The force of digitising paper

As organisations around the globe look to achieve improved efficiencies, many recognise that the digitisation of paper ranks high on the priority scale. While there are a number of comforts associated with paper, in reality, it is inherently inefficient.
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Woman stressed and tired in her office surrounded by paper

 
As organisations around the globe look to achieve improved efficiencies, many recognise that the digitisation of paper ranks high on the priority scale. While there are a number of comforts associated with paper, in reality, it is inherently inefficient.

For example, it is time-consuming to physically look through file cabinets, boxes, and folders. Distribution of documents is another challenge requiring copying time, expensive postal costs, overnight carrier costs, and inefficient – often insecure – fax transmissions. The editing of paper documents is also not effective as they must be retyped and paper form completion takes a lot of additional time. Finally, paper is prone to disasters, both big and small, as it is only redundant when it is copied.

For all of these reasons, the trend has become abundantly clear. First, wherever possible, digitise, and second, if paper is part of an existing business process, it should be digitised as quickly and efficiently as possible. To accommodate these needs, users are now scanning papers to their desktops (on-demand) using multi-function printers (MFPs) for centralised scanning and in rare circumstances, relying upon production-grade scanning stations.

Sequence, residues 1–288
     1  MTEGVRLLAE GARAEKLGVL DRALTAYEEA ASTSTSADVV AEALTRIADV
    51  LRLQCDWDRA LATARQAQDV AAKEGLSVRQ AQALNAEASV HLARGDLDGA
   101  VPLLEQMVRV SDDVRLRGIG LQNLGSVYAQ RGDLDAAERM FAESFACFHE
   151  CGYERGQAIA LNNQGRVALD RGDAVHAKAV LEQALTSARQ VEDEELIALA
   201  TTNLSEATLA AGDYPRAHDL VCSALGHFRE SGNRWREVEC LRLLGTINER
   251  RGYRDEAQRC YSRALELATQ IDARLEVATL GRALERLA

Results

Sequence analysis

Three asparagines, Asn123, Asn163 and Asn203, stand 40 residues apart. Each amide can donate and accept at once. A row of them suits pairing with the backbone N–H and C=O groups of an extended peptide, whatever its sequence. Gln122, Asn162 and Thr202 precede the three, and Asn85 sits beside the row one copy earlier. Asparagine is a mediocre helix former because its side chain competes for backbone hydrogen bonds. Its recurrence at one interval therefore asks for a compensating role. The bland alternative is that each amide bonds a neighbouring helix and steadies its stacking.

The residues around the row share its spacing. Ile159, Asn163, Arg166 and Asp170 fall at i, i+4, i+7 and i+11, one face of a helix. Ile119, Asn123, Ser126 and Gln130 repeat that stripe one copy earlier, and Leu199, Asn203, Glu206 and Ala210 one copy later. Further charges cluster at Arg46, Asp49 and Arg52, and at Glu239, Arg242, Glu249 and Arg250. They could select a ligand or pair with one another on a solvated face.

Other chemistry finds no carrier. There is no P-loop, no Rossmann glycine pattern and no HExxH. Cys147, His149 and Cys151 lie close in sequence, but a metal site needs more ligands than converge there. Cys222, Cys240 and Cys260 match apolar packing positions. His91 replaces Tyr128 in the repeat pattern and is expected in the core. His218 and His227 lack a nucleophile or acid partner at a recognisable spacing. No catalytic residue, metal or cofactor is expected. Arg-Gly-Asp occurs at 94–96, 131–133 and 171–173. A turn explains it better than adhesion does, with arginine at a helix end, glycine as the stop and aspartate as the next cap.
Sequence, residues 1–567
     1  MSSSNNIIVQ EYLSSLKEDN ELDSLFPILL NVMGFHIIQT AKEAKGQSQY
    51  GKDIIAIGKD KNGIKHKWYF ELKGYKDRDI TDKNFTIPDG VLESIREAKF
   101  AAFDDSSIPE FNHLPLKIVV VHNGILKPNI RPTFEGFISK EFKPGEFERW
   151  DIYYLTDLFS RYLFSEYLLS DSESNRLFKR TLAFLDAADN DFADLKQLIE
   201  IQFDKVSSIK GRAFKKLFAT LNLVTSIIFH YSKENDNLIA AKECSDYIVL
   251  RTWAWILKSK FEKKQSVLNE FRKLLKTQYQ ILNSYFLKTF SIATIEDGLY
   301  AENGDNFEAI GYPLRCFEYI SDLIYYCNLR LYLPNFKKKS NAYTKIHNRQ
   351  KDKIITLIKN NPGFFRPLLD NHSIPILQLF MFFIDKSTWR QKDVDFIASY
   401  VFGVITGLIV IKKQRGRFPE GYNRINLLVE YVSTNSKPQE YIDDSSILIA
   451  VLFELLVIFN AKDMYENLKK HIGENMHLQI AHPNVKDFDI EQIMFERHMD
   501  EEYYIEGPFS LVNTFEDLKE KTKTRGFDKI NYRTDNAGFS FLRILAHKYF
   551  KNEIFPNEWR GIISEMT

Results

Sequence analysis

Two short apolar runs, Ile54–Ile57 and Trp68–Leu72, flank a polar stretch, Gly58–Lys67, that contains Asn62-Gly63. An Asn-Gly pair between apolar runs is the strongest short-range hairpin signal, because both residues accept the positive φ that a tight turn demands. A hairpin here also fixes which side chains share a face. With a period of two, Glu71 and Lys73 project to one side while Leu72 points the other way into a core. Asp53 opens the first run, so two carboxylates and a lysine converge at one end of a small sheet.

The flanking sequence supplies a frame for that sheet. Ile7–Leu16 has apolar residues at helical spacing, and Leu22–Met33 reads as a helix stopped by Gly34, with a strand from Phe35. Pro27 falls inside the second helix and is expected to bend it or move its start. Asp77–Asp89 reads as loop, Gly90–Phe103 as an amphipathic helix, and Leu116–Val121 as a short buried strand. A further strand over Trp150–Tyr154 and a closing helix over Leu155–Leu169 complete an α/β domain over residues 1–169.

If you are not familiar with the “nuances” of digitising or scanning paper, it is important to point out that going through the actual scanning process represents only half the battle. The other half is introduced when users attempt to convert the scanned “picture” of the document into a rich and meaningful format.

Scanned documents come to life and present an entirely new level of value if the document image can be converted to searchable and formative text. To accomplish this, the right tools are needed to enliven a scanned picture of the document into a meaningful document asset.

Digitising paper may provide more benefits than you might think. According to recent research from PricewaterhouseCoopers:

  • Companies spend £15 in labour to file a document, £90 in labour to find a misfiled document, and £164 in labour to reproduce a lost document
  • Of all the pages that get handled each day in the average office, 90% are merely shuffled
  • The average document gets copied 19 times
  • 5 percent of all documents get lost, 3 more percent get misfiled

Interested in learning more about the benefits of digitising your content? Nuance document workflow and automation tools deliver measurable productivity gains and cost reduction by streamlining the ways people create, share, store, and use office documents.

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To learn more, about Nuance’s print management and document scanning and conversion solutions to start saving money in your organisation

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